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Director: John Carpenter, Tobe Hooper, Larry Sulkis
Cast: John Carpenter, Tom Arnold, Tobe Hooper, Robert Carradine
Length: 96 min
Disks: 2 (1 BD, 1 DVD)
Label: SHOUT! Factory
Release Date: Nov 12th, 2013
Video codec: MPEG-4 AVC
Aspect Ratio: 1.78:1
Audio: English: DTS-HD Audio 5.1, DTS-HD Audio 2.0
- Unzipping Body Bags – Featurette with cast and crew interviews
- Audio Commentary with director John Carpenter, producer Sandy King, and actors Stacy Keach and Robert Carradine
- Theatrical Trailer
In a strange, coincidental way, John Carpenter is a filmmaker whose work seems fitting for an anthology. Tight, moody and often times self-contained, his work often never carried Oscar-level drama whilst also providing some of the weightiest and most engrossing genre tales to ever show their face in cinema. Hence, when Showtime came knocking for Body Bags, their response to HBO’s immensely popular Tales from the Crypt, Carpenter seemed like the man for the job. However, the tail end of Tales from the Crypt’s popularity was in sight, and Showtime ended the series before it even started, instead taking the three episodes previously shot and weaving them with a Larry Sulkis-directed wraparound starring Carpenter himself to make an anthology TV movie.
With one segment directed by Tobe Hooper, who makes a cameo appearance in the film, Body Bags is otherwise entirely a Carpenter affair, carrying his mischievous humor, his creepy atmosphere and his masterful wrangling of naturally charismatic character actors. In a way, the potential for the series is somewhat detrimental to the film itself, as the segments play with the boiling undertones of a missed opportunity, but is otherwise incredibly worthwhile, both in concept and execution. It’s possibly the most fun- and absurd- horror anthology since Creepshow, and with the new Blu-ray from SHOUT! Factory, Body Bags has a chance to reach an audience farther than it ever has previously.
Body Bags is a nice excursion into bizarre and surprisingly subversive horror, each packaged in a half-hour story that feels closer to extended B-plots as opposed to a three act narrative. This is not a bad thing at all, as Carpenter knows the mechanics of the horror genre to a T and is more playful here than he is in almost all of his ‘90s output. Whereas Hooper’s segment, “Eye,” fits tonally with the other stories, there’s more of a bleak sense of dread in that piece as opposed to the other Carpenter-directed segments. But overall, the film works elements of suspense and eccentricity into one another, and gives an aura that’s exquisitely more fun than frightening.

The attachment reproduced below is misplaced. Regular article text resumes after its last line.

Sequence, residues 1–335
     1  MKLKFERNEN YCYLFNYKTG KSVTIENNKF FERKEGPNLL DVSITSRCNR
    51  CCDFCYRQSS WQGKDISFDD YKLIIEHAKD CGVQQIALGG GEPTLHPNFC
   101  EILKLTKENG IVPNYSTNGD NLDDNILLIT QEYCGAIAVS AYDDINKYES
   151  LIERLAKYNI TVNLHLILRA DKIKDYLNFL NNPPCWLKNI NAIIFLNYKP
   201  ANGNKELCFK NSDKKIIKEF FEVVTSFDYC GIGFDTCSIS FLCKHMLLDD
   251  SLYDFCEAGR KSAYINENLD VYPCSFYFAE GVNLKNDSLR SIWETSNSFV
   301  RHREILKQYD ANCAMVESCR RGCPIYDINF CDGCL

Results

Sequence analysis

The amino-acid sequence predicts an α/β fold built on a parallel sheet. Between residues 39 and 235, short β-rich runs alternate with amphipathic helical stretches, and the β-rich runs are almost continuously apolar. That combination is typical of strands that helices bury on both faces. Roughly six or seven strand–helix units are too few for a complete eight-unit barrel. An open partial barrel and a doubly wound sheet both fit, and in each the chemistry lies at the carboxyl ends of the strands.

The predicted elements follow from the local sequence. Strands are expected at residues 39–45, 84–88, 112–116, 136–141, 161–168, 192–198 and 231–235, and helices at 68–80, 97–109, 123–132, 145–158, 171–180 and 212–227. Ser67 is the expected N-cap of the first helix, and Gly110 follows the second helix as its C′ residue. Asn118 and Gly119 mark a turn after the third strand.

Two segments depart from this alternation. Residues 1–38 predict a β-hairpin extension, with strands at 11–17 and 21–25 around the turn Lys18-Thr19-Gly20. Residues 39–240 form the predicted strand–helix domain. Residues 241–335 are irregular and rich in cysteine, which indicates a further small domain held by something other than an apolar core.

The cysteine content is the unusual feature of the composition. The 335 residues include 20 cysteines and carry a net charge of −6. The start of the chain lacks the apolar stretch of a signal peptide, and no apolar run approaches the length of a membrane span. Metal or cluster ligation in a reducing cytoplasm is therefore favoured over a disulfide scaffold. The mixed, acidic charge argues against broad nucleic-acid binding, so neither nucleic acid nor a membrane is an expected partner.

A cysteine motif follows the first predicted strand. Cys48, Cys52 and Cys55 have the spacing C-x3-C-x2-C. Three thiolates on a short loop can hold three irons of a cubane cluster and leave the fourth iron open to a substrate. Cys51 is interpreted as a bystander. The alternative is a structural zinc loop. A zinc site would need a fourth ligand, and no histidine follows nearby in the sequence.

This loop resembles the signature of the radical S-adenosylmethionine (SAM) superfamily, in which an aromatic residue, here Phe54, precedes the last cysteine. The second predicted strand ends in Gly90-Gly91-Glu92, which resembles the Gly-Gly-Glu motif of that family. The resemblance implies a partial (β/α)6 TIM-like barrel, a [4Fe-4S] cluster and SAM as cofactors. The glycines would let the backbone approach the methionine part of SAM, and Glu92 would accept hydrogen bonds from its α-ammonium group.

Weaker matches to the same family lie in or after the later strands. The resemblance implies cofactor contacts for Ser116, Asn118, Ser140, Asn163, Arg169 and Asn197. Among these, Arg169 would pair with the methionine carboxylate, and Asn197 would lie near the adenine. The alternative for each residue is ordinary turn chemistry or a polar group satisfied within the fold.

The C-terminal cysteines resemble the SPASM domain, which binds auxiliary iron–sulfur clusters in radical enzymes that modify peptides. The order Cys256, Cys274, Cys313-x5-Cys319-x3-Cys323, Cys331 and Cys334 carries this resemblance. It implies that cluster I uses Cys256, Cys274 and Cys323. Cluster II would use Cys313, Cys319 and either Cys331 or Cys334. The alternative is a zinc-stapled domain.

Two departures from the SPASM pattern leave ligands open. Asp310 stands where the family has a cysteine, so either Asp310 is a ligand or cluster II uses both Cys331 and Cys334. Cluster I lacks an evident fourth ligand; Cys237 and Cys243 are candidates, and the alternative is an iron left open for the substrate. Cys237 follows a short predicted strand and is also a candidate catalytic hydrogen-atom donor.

Carpenter puts his masterful skills to good use, to give the anthology a stronger visual sense than most within the subgenre. Gary Kibbe’s cinematography is incredibly strong and visually glorious, and also helps establish the continuity between Hooper and Carpenter’s segments. Of course, KNB’s special effects are stellar as usual, with Carpenter’s own make-up in the wraparound segment only enhanced by the dutiful work of Rick Baker. And the score from Carpenter and Jim Lang is great, emphasizing the tone of the film and allowing the quieter moments to retain the momentum of the fun that precedes them.
Possibly the greatest asset of the anthology, Body Bags features an incredible cast of genre greats and horror legends throughout all three segments and even the wraparound. Starring Robert Carradine, Mark Hamill, David Warner, Stacy Keach, Tom Arnold and Deborah Harry, Body Bags adds an extra dimension of grinning awareness to its cast. The film also includes appearances from Carpenter, Hooper, Sam Raimi, Wes Craven, and Roger Corman, essentially giving the film a guessing game of icons throughout. The cast is all dutiful with their work in here, treating it the same way they would any dramatic project, which is even more impressive as the natural ridiculousness of each scenario drives the film firmly into the world of humorous horror whilst avoiding the traps of cartoonish camp.
An incredible transfer, SHOUT! restores Body Bags to it’s 1.78 : 1 presentation and does a wonderful job of finding a clean and beautiful print to work from. Colors are lush and hypnotically neon via in-camera saturation, the edges are perfectly defined and the grain is apparent but never detrimental. There is very little sign of crush and sharpness is present from top to bottom. Overall, the picture is much better than a for-television production would normally entail, and SHOUT! gives fans the high definition Body Bags they deserve.
SHOUT! rises to the occasion once more, creating a mix that’s painstakingly crafted to hit each moment with necessary emphasis. The score is leveled wonderfully, and the diegetic noises and cues are enhanced in this new mix to give the scary moments a more startling effect. And of course, the dialogue is crystal clear, which is instrumental to Carpenter’s natural strengths.
Disappointingly light, as to the nature of the production, SHOUT! offers what they can, including a non-essential 20 Minute Cast/Crew Interview, enjoyable Vintage Trailer, and a rousing, sometimes fascinating and often times funny Audio Commentary featuring Carpenter, Keach and Robert Carradine, as well as a Sandy King as hosted by Justin Boehm.
For Carpenter collectors, Body Bags is a definite purchase, but for casual horror fans, the influx of humor may be a dealbreaker. However, fun should never be detrimental to a film, especially one as strong as Body Bags. Don’t be surprised if the film sneaks into your brain and stays there as long as it needs to.